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Nuclear is for Life: A Cultural Revolution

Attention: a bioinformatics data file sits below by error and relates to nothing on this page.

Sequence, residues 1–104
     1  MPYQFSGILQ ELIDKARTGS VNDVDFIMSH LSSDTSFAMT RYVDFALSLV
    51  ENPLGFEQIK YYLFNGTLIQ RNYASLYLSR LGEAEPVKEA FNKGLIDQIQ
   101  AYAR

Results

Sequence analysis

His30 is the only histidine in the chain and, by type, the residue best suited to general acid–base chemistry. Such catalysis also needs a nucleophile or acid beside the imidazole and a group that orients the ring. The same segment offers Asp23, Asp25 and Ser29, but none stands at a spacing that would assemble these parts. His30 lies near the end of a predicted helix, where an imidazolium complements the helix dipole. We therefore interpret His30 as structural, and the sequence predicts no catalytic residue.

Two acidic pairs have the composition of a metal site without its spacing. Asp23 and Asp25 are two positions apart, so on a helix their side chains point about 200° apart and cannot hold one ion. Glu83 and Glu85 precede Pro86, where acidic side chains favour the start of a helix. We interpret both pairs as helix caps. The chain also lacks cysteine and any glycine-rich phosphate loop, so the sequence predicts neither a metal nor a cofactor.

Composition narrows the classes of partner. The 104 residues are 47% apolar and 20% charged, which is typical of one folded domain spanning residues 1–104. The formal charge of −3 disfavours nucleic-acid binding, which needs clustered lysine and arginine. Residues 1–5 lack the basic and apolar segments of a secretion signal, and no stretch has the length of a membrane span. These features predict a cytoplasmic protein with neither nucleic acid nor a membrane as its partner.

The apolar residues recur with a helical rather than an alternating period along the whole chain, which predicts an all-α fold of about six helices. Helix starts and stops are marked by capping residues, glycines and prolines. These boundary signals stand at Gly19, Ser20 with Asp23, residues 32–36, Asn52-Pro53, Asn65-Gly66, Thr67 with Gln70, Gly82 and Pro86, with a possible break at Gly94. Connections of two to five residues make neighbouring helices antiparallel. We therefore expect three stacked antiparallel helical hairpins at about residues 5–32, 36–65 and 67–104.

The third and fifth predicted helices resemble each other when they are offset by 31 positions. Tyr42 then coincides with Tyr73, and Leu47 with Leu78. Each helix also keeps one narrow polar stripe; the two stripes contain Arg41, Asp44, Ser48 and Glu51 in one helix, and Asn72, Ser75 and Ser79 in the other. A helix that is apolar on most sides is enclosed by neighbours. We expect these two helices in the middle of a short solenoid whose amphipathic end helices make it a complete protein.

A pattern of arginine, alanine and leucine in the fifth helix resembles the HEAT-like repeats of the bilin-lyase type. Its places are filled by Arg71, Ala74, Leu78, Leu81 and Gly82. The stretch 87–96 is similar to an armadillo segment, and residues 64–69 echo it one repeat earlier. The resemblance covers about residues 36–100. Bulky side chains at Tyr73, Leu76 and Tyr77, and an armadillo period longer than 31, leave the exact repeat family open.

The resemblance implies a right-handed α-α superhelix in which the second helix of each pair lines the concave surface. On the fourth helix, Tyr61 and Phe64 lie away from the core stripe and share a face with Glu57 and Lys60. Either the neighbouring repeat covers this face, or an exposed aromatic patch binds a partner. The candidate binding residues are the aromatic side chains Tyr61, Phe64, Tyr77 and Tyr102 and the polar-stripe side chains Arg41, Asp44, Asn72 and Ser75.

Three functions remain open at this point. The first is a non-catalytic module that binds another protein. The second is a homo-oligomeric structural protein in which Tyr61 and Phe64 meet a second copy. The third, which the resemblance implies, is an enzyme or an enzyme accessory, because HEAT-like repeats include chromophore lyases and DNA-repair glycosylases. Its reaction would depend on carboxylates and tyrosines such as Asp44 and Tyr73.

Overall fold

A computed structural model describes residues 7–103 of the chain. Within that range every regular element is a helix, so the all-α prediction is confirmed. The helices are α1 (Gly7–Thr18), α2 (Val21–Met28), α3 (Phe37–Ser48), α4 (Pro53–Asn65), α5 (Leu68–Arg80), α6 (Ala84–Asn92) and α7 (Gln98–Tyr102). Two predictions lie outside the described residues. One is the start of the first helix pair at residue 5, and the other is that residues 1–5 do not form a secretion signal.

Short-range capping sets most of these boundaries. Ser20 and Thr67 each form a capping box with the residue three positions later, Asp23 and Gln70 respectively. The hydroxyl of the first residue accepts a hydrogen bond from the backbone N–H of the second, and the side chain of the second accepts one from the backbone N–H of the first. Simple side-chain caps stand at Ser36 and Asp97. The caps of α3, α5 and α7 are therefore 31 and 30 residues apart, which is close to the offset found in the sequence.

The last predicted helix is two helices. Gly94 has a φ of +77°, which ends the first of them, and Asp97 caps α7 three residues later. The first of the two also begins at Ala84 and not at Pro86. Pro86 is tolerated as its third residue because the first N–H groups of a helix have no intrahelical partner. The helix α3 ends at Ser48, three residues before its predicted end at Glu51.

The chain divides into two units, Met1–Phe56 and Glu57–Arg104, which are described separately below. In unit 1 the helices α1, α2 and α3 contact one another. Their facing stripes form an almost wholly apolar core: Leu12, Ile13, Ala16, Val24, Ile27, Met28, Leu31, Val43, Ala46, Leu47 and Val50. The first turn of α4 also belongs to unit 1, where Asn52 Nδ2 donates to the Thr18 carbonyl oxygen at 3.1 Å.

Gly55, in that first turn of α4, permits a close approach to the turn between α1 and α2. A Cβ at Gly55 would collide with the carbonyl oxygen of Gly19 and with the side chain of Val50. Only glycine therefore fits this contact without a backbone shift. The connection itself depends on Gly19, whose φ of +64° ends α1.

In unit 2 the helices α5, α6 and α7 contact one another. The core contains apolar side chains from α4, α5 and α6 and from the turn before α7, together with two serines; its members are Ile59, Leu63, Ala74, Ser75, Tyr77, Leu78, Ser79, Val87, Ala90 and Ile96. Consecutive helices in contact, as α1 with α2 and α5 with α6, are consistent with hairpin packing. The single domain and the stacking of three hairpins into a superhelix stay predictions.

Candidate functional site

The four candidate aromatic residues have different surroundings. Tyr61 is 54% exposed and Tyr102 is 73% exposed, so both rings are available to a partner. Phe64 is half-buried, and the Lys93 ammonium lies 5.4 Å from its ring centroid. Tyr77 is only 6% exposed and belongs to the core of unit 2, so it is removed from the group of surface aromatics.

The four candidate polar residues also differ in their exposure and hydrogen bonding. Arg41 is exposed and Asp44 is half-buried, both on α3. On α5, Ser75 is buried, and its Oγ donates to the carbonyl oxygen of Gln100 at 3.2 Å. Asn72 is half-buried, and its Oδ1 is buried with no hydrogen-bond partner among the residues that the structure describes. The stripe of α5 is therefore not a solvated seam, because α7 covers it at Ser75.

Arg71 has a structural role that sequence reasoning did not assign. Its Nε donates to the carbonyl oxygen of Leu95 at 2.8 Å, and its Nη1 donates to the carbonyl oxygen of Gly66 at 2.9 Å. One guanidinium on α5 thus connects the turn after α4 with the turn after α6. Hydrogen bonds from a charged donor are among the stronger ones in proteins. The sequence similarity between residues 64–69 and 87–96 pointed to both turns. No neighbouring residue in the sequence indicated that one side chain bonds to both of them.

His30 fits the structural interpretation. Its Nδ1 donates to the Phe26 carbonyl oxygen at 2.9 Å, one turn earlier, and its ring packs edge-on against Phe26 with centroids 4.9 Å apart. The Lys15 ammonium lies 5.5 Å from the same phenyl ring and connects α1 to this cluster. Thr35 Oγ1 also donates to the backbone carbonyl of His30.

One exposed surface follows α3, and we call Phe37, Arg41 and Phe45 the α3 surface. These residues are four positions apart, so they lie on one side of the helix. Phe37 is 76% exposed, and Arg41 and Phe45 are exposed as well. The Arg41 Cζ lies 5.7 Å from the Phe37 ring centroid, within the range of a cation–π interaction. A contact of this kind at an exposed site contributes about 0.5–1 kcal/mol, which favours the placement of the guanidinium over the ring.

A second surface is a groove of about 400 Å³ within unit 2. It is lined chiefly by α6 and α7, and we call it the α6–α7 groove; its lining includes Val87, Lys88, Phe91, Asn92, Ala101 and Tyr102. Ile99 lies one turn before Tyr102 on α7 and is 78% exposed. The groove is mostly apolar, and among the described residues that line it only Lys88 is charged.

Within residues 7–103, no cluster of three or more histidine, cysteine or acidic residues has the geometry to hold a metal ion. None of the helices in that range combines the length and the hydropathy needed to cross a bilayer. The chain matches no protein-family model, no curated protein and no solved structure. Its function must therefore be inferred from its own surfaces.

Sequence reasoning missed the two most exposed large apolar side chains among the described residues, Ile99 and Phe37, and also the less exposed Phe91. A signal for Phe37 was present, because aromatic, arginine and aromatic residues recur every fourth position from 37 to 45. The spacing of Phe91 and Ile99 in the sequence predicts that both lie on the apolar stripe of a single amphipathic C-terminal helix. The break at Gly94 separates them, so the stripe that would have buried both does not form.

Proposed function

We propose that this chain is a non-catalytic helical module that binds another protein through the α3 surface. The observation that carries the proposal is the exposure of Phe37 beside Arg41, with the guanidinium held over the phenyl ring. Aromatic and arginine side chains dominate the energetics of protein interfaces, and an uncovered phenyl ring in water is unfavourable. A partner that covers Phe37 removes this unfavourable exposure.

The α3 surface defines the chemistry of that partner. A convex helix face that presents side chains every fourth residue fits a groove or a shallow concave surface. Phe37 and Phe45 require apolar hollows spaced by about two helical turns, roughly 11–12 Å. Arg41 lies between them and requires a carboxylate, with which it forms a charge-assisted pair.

Is nuclear the answer to carbon-free energy? There is every  reason to welcome it and none to reject it. Life has evolved  protection against radiation, and high doses are used to cure  cancer. Nuclear radiation is rarely life-threatening: for  example, at Fukushima there was no radiation casualty at all.  The evidence from such accidents, from medicine, from the  physical and biological sciences - these all tell us that the  increased use of nuclear should be safe and beneficial to life on  an over-crowded planet. Current radiation regulations are not  based on science: they come from 70 years of social reaction to  a phobia. How did this happen, historically? This book provides  explanations and answers to many questions. With an open  informed culture, it concludes, nuclear energy could supply  carbon-free electricity at low cost. Nuclear power should be  freed from science-blind restrictions and so help save the  planet as we know it.  I was sent a review copy of this book by the author (@radiationreason),  which was very much appreciated. This book is essentially an update of  his previous book ‘Radiation and Reason’ (which I did buy), so if you were  to buy one, just get the update. I really enjoyed reading this. It gives a good overview of some of the  issues surrounding nuclear power, human exposure to ionising radiation,  and, what I found best about this book, a very detailed description of  what happened during the well-known Fukushima Daiichi incident and its  impact on human and environmental health vs. the reported disaster and  impact. These chapters are very detailed and informative, and nicely  dewscribe the problems of real impact vs. perceived impact.  The author is a very enthusiastic proponent of the use of nuclear power  for energy generation, and proposes this as one of the solutions to future global warming problems. By and large I agree with his assessment and  with his argument to invest in more nuclear power. However, a large part of the book is dedicated to the discussion about a  threshold before human biological defence mechanisms cannot copy with  radiation anymore, and which can then result in health effects (i.e.  cancer), and why therefore the linear-no threshold (LNT) currently being  used in radiation projection model is wrong. Although such a threshold is  very likely, it was unclear to me whether Professor Allison is a proponent  of hormesis, or whether he also beliefs this is one step too far. Prof Allison is Emeritus Professor of Physics, and this is quite obvious  from the book. In radiation research, including non-ionising, there is  sometimes a sharp contrast between physicists and the biological  sciences, and indeed where non-ionising radiation is referred to in the  book, Prof Allison argues there cannot possibly be any biological effects  since only tissue heating would be of relevance. This, in my opinion, has  by now been clearly shown to be incorrect, with a wide array of  biological effects having been observed (albeit not necessary resulting in  health effects). A similar reasoning is used with respect to effects of  ionising radiation, and indeed the possibility of more subtle effects, such  as for example cardiovascular effects as a result of chronic, low-dose  exposures are not mentioned. Having said that, although we could have  some points of discussion, I agree with the overall thesis, but would  suggest the following update of this book should be co-written with a  (radiation) epidemiologist………..but I would say this, wouldn’t I....  With respect to the book itself, I gave it 7 out of a possible 10; the  reason being that in my opinion it could have done with a bit more  reshuffling and combining of paragraphs. I felt (well I know) I was  reading the same arguments in several chapters, making for frequent  deja-vu’s. Having streamlined this, the book would have also been a bit  shorter, which would have made it more accessible to the general reader. Had the LNT model and the implications of its use also been discussed in  detail and in lay terminology this would have made it even more  accessible to a general audience; and this kind of book it needed. So I would definitely recommend this book. The whole nuclear power  debate could do with the infusion of a bit more science…   
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